New Amendment Simplifies New York’s Power of Attorney Form
The Power of Attorney (POA) form allows an individual (the person granting the POA is known as the “principal”) to grant another person (the person receiving the power is known as the “agent”) the authority to perform certain duties and/or responsibilities on behalf of the principal. For instance, Spouse A can grant the POA to Spouse B, which would give Spouse B the authority to act on behalf of Spouse A (the principal).
A new amendment to New York’s General Obligations Law §15-501 et. seq., which became effective as of June 13, 2021, is intended to simplify the process of drafting, and using, a power of attorney, while clarifying the powers and obligations of an agent.
The amendment contains provisions designed to make the agent’s responsibilities less burdensome. For example, an agent is now considered a personal representative for the purpose of financial matters related to health care. As a result, health care providers and health plans are required to provide the agent with information needed to determine the legitimacy and/or accuracy of charges for health-related expenses and benefits. It is important to note, however, that while the new POA law entitles an agent to information related the principal’s health, it does not provide the agent with the authority to make health care decisions on behalf of the Principal. The authority to make health care decisions still requires the principal to execute a health care proxy.
In addition to simplifying the preparation of the POA form, the amendment also creates a presumption in favor of the validity of a POA form. While the old statute required that the “exact language” of the statute be incorporated into the form, the amendment lowers the threshold to “substantially conform.” By eliminating the burdensome exact wording requirement, fewer POAs should be rejected. However, to create this presumption of validity, the new POA law requires that the principal’s signature be acknowledged before a notary public and two disinterested witnesses.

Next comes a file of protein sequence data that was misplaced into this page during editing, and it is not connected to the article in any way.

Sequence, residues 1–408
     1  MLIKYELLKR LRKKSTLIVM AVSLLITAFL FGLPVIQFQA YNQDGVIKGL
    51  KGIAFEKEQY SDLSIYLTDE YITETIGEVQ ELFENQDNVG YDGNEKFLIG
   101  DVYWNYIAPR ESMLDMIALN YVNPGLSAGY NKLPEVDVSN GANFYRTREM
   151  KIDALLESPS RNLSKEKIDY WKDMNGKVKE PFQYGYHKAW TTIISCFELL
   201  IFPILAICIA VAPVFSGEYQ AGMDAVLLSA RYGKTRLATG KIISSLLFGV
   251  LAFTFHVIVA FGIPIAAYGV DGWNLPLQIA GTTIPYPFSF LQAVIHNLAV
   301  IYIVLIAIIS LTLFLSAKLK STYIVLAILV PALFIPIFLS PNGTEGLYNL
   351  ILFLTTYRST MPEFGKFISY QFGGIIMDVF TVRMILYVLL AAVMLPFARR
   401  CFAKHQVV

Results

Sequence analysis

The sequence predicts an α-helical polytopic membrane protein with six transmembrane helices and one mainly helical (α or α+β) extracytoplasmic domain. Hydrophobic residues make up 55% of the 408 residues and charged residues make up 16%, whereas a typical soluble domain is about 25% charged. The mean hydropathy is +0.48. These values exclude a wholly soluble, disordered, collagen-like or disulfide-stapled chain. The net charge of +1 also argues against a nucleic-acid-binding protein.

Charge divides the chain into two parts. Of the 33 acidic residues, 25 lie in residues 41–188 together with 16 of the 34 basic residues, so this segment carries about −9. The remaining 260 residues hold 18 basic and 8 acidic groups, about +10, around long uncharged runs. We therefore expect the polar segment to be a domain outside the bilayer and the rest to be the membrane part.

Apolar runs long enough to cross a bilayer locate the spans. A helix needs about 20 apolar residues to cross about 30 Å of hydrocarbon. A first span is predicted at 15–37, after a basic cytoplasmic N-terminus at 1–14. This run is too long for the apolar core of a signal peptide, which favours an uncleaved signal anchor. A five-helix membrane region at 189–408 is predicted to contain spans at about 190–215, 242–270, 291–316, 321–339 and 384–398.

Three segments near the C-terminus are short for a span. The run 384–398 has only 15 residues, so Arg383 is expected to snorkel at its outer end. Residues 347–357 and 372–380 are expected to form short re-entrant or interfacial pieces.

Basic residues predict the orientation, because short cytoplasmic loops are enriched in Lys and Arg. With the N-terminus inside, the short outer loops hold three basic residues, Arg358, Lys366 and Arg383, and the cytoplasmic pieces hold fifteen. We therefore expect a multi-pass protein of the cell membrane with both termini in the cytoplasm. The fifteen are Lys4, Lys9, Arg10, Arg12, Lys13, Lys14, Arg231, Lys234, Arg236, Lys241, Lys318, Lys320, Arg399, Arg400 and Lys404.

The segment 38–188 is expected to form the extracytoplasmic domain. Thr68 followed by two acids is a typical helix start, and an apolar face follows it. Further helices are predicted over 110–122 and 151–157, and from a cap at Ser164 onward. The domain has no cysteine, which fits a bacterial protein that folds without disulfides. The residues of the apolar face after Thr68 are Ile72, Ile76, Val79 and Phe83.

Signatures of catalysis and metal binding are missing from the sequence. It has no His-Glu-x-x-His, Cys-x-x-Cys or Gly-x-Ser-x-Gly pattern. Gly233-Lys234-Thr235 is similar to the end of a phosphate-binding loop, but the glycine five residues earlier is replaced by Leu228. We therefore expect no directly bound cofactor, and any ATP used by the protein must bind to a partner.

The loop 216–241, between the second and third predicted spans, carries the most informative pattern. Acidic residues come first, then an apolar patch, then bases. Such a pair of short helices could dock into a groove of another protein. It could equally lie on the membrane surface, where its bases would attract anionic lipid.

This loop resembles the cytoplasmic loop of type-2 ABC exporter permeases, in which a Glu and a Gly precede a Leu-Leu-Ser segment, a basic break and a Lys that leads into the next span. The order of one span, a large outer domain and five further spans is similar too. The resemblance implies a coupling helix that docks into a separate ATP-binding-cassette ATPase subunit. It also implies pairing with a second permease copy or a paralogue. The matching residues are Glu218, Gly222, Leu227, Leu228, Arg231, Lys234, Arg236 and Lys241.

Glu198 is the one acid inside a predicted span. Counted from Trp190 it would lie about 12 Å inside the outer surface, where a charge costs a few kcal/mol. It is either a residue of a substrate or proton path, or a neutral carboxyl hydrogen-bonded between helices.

The amendment also attempts to get past a problem that frequently occurred with the old POA form: the refusal by banks and other financial institutions to honor a POA that complied with the law, but was not on the bank’s own form, or which the bank worried would expose the bank to liability for the agent’s actions. The new amendment provides guidance for acceptance or rejection of the POA, and specific steps involved.
As of June 13, 2021, these new provisions will also apply to any earlier POA signed in accordance with the laws in effect when executed. Thus, POAs that were valid under the former law are still valid. Still, we believe that, if possible, a new POA form should be used going forward, as it represents the current standard, and will minimize the opportunity for a third party to decline to accept the POA.
Please contact us with any questions about the new Power of Attorney form, or any of your estate planning needs.